7. Do not use tables.   Tables present a whole host of problems if the recruiter has to make a change to the resume or if the company is trying to feed the resume directly into their data base.
  8. Try to keep the resume to two pages.  One page is usually too short but more that 2 page resumes often get ignored because no one has time to read more than two pages.
  9. Focus on what your can do for the company not what the company can do for you.  Remember, the company has a problem that has to be addressed or they would not be using their limited resources to make you happy.  Hopefully, the hiring process will be a win-win for both of you but remember the golden rule “he who has the gold rules”.
  10. Do not list references on your resume.  There are so many reasons not to do this that I do not want to list them here.  One of the biggest reasons not to list references is that the person you have listed as a reference may quickly become your strongest competitor for the job after the recruiter talks to him or her.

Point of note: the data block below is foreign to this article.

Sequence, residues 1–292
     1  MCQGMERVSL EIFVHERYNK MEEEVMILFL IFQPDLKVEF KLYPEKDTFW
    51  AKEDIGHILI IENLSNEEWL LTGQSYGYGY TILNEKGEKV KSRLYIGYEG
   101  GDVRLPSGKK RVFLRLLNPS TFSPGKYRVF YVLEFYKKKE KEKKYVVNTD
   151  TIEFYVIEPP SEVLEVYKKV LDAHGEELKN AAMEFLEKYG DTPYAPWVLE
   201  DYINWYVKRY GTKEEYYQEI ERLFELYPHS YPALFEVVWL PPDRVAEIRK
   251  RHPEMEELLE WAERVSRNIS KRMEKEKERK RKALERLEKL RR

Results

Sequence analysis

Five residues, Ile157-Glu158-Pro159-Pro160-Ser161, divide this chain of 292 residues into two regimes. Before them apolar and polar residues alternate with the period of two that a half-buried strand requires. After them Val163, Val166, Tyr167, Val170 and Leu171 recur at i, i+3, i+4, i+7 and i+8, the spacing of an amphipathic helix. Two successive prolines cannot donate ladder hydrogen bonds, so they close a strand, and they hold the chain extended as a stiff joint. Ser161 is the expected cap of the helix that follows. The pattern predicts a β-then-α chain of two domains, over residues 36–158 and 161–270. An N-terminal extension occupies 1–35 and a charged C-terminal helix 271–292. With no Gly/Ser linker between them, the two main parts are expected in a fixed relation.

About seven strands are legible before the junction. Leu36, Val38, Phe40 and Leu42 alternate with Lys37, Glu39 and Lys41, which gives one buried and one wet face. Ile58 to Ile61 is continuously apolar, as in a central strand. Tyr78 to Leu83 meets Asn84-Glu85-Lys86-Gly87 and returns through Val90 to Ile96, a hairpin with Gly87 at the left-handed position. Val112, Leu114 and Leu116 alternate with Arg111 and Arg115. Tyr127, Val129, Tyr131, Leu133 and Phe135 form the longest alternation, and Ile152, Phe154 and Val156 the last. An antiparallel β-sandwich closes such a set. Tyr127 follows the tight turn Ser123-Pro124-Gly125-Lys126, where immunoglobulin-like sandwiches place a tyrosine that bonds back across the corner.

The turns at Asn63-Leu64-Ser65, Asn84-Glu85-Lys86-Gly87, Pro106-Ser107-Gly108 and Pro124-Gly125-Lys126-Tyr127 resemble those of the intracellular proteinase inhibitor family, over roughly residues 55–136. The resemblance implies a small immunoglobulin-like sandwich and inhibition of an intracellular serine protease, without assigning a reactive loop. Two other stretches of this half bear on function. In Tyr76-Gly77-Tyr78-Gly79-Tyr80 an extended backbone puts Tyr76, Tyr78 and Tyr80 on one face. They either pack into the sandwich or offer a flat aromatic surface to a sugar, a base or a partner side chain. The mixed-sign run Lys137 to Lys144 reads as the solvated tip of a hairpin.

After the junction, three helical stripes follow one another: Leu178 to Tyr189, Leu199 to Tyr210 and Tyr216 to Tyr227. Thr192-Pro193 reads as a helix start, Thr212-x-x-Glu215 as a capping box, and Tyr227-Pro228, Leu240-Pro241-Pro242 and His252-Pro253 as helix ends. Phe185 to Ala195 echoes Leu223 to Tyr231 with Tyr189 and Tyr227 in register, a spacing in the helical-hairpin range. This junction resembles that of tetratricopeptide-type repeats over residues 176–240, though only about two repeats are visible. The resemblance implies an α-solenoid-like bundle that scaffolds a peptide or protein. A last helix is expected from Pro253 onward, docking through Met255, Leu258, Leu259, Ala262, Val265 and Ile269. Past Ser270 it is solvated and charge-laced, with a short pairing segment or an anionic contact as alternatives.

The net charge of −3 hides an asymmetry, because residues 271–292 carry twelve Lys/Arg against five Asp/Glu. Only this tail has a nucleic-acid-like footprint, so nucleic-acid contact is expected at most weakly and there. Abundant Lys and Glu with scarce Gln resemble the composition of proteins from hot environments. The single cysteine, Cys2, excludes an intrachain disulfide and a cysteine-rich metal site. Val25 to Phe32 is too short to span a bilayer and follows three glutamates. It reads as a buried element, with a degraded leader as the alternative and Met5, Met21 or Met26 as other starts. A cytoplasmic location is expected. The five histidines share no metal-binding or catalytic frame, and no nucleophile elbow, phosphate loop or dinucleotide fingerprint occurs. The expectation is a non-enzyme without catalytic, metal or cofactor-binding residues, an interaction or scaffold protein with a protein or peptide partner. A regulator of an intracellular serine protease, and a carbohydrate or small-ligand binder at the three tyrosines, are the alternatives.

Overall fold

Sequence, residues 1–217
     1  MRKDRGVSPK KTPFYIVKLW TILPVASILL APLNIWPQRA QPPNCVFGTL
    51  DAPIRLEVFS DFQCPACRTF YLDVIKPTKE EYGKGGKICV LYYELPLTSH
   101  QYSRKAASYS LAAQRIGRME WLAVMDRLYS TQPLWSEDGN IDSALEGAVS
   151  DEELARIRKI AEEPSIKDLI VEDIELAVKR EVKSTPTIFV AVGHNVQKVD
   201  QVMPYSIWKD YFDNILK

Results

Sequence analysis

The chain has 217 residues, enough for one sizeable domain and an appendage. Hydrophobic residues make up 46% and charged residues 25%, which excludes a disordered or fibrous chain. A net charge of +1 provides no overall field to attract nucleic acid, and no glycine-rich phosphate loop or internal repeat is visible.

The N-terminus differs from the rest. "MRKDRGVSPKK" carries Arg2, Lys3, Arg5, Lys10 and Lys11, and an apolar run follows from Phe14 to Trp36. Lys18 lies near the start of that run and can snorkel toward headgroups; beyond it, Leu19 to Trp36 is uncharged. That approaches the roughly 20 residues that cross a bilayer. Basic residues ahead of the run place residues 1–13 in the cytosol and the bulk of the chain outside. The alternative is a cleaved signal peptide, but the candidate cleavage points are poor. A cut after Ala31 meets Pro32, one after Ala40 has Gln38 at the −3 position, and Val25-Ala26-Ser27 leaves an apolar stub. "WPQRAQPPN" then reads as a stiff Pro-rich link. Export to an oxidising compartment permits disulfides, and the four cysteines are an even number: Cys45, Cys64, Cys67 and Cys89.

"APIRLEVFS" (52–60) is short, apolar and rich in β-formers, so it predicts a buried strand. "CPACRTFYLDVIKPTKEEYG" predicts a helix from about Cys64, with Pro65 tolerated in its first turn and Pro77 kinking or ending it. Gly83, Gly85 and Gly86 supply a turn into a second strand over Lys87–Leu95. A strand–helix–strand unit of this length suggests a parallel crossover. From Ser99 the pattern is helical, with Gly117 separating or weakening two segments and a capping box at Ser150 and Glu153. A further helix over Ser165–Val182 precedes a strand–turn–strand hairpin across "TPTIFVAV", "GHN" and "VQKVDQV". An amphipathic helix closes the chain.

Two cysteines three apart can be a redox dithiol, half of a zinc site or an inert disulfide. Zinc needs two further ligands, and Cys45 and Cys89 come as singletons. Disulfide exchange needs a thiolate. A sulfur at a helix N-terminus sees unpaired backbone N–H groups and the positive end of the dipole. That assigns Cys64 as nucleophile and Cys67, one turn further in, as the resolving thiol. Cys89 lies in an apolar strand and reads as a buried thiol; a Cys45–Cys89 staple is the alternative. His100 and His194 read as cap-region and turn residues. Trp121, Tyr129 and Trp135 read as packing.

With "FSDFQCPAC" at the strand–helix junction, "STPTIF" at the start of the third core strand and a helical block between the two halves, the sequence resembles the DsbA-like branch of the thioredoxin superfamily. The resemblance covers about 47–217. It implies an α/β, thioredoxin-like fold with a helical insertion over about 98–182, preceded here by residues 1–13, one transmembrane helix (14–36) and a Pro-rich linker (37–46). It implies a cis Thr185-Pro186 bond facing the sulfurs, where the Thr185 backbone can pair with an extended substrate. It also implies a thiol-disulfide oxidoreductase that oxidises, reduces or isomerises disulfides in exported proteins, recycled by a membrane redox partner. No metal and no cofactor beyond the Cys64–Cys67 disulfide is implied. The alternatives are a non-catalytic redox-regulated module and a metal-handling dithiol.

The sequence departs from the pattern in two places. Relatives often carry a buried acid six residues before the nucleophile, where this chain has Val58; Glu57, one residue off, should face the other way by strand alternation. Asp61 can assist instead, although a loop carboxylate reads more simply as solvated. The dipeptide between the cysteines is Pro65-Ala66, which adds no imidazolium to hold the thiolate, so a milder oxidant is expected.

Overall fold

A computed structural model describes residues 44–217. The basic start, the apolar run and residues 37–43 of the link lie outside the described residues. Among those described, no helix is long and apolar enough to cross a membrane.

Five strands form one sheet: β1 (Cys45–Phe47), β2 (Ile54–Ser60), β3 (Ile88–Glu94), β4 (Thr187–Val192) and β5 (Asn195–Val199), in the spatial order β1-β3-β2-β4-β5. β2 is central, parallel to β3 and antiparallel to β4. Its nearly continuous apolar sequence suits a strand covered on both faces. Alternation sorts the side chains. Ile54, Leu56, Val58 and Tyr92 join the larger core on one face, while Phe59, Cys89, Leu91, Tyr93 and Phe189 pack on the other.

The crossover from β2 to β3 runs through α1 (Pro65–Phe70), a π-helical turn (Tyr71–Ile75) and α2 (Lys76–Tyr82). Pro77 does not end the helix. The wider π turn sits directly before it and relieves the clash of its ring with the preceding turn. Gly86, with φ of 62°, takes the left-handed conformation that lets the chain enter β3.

11. Do not put your Social Security Number on your resume.   This seems obvious in this era of identity theft but I still see resumes with Social Security numbers.
  12. Do not list personal items such as hobbies, number of children, church affiliations, etc.  These can only hurt you because most Human Resource Managers are amature Psychiatrists and if they see you like to read, they automatically assume your are introverted and this could be bad if you are interviewing for the Plant Manager or sales position.  Also, deep down most companies believe you should not have a life outside the company.  If you have time for hobbies that means you could be working longer hours developing that perfect report no one is going to read.